Redis is an open source, key-value database built with an in-memory design that emphasizes speed. It has support for rich data types, atomic operations, and Lua scripting.
When you create a Redis database cluster, you choose the cluster configuration, including the size of the nodes. The node size determines how much memory and how many vCPUs the nodes have.
|Plan Size||Available Memory (Adjusted)|
|1 GB||0.5 GB|
|2 GB||1.2 GB|
|4 GB||2.5 GB|
|8 GB||5.2 GB|
|16 GB||11.5 GB|
|32 GB||21.7 GB|
|64 GB||43.7 GB|
Some of the memory in Redis nodes is reserved for the database cluster’s normal operations. In other words, a Redis node’s amount of available memory is less than its total amount of memory. This memory overhead comes from how Redis handles forking and replication, which are part of a few common operations:
New standby nodes. When a new standby node connects to the database cluster’s existing master node, the master forks a copy of itself to send its current memory contents to the new node.
Data persistence. Every 10 minutes, Redis persists its current state to disk, which requires similar forking.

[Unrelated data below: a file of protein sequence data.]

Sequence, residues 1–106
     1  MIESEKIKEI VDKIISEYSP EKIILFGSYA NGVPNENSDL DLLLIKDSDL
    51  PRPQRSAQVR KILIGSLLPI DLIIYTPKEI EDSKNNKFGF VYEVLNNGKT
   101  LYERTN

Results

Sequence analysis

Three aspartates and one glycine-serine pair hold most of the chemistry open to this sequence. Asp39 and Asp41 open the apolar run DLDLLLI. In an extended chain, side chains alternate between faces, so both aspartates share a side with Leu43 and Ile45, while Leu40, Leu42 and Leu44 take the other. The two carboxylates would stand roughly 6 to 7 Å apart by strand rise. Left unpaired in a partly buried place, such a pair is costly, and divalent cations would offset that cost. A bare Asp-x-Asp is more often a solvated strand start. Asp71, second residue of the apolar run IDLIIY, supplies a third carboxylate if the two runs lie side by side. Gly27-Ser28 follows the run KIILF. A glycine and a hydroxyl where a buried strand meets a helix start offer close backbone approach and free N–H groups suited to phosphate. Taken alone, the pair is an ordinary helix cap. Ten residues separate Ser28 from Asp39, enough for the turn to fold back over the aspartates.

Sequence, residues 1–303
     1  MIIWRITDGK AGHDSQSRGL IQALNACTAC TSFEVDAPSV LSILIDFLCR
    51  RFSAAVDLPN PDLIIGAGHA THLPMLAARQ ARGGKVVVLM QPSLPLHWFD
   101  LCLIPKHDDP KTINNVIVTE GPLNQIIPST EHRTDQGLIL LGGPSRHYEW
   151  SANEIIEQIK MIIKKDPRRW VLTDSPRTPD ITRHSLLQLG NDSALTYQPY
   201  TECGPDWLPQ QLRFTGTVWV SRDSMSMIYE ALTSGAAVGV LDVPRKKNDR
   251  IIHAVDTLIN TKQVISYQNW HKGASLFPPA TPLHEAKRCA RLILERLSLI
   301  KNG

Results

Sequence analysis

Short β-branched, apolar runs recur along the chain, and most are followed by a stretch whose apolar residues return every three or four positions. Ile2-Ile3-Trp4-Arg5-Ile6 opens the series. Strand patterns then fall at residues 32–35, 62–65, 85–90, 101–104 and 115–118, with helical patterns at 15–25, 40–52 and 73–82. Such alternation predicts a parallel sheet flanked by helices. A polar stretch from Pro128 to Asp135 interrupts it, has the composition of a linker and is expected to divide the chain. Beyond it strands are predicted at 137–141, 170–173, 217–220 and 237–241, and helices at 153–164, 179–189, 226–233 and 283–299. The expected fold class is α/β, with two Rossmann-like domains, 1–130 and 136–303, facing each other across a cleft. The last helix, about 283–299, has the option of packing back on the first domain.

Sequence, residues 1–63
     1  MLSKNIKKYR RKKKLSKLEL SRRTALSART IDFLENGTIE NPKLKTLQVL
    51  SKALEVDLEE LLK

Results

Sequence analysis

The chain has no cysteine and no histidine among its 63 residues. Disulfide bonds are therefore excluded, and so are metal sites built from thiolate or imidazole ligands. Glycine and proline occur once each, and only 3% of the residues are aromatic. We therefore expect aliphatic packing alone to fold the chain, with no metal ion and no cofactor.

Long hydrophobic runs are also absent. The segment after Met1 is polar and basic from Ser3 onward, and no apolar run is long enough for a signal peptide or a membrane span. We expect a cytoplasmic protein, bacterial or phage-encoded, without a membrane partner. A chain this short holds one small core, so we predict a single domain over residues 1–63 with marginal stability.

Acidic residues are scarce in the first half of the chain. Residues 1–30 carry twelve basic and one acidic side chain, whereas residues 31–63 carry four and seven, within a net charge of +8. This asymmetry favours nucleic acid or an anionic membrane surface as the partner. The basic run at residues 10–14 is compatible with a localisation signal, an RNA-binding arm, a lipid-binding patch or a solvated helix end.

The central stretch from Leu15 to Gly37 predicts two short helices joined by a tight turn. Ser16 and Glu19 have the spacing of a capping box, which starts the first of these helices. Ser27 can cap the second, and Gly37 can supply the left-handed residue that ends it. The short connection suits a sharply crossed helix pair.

High availability failover. In high availability (HA) setups, if a node fails, the cluster needs to synchronize a new node with the current master by requesting a full copy of its state and then following its replication stream.
By default, 70% of Redis nodes’ total memory is allocated as available, and an additional 10% is allocated to the replication log. The duration of operations like backups and replications is proportional to the total amount of memory Redis uses, so the amount of overhead allocated for these operations to execute without using swap is similarly proportional.
If there’s not enough memory for the cluster to finish a fork, the cluster will enter an out of memory (OOM) state and become unresponsive. If the amount of data in a node’s initial sync is larger than the replication log size, the new node will be unable to follow the replication log stream and will need to repeat the initial sync. If this continues to happen, the node will repeatedly retry the sync and fail to fully connect with the master.
Avoid OOM node failures and failover standby node creation loops by configuring applications to keep writes to a minimum. You can also customize the cluster’s eviction policy, which determine when and how Redis evicts old data when the database size reaches its limit. Learn more about Redis memory usage and other performance metrics in the Redis documentation FAQ.